Focus on smaller set-ups appropriate for your space. For example, an old play kitchen found at a thrift store can be turned into a mud kitchen with outdoor paint and sturdy small pots, pans, and utensils. Let children make mud pies while they giggle and get messy. 

    Water tables, sandboxes, and sensory tables that have bins you can fill are also available for purchase, and usually small enough to easily move when you PCS. Fill with items like water and small toys, water beads, kinetic sand, homemade playdough, or other non-toxic, outdoor safe textures.

    outdoor obstacle courseThe author’s children playing with the Step-A-Trail obstacle course for kids. Different textures and heights help build gross motor skills and add a splash of color. 

    4) Art and Music Centers

    The outdoors can be a great place to inspire creativity and imagination for the whole family. Pinterest is full of ideas for making a music wall for kids to get all the loud noises out of their system outdoors before heading in for the night. This can be a way to talk about upcycling and sustainable art as well. Thrift old pots and pans, bells, wind chimes, and children’s instruments and connect each to a pallet, wall, or existing fencing. Kids can explore what noises each makes with their hands, sticks, or even by spraying water at it. Combine a music wall with the above suggestions for sensory play by including old locks, toy gears, and different touch surfaces. 

    Art is a wonderful way to pass the time outside as well, and with non-toxic easy outdoor supplies, the backyard can minimize cleanup.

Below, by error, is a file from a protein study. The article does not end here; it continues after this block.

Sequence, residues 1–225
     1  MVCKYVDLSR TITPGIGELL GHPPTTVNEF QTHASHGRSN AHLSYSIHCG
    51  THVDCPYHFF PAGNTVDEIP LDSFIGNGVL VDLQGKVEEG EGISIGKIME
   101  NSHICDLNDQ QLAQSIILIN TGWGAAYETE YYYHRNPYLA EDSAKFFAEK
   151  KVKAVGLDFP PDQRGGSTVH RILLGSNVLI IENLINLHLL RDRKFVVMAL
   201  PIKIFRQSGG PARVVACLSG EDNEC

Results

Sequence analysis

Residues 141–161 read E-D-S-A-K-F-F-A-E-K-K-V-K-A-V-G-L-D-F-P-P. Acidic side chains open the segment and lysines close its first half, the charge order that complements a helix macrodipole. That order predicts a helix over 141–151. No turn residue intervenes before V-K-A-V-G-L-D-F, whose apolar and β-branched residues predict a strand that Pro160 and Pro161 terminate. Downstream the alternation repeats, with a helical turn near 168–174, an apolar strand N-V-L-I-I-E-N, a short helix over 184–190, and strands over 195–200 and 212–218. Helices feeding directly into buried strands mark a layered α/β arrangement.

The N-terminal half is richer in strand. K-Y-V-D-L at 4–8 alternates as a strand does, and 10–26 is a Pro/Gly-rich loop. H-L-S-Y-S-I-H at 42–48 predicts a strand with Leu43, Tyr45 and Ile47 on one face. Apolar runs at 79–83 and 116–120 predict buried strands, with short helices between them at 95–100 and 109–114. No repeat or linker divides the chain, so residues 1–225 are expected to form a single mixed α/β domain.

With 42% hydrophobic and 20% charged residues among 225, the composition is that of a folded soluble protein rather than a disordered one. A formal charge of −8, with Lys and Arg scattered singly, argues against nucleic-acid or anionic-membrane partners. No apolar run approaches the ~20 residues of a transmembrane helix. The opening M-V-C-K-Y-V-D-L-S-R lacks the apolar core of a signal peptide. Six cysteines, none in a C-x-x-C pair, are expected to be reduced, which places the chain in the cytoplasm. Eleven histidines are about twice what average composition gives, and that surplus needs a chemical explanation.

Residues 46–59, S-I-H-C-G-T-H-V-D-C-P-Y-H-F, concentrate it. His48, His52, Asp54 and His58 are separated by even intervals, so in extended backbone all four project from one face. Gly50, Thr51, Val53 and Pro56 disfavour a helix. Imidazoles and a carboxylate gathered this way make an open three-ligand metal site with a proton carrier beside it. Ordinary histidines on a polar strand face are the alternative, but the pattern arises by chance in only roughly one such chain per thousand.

Several popular brands make plastic flip easels for kids with chalkboard and dry erase surfaces along with clips for large pieces of paper. Use a small weather-proofed shelf or cabinet to store art supplies like sidewalk chalk, paintbrushes, word magnets, or found objects to use for art like bottle caps, sticks, and seashells. Children will have a perfect place to create, or to do a fun activity with adult supervision. We’ve enjoyed some of these creative art projects: 

    outdoor painting with easelThe author’s family making art on the back deck with paint filled eggshells on a plastic, double-sided Crayola easel for kids. 

    5) Entertain with Ease

    For homes with older children, teens, or only adults, the outdoors, even in a small yard, can be a great place to entertain or spend time as a family. Be inspired by the newest season of Bridgerton and purchase fancy lawn games like a croquet set. Pair with an outdoor drink cart or upcycle one from a thrift or antique store to serve teas, lemonade, or old fashioned sodas for a fancy afternoon.  

    An outdoor storage box can be a great place to store games like your bean bags for corn hole, badminton, or a ring toss. If you only have an apartment or townhouse patio or deck, a board game like an outdoor Four Connect in a Row set, some small chairs, and a table to play games on can make for a perfect enchanted evening surrounded by potted plants and fairy lights. 

    Note: Of course, you are responsible for deciding what is safe and suitable for your own family. The author or MilitaryByOwner are not responsible for use of suggested equipment, DIY projects, or outdoor activities. Read safety guidelines, take precautions, and choose what might be right for your outdoor space!

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    Meredith Flory


    Meredith Flory

    Meredith is a military spouse, mother, educator, and writer. Her short stories and writing on travel, parenting, military life, and pop culture have appeared in various publications. She can be found on Twitter, Facebook, and Instagram as @MeredithFlory or at her site, Meredith Flory, Writer.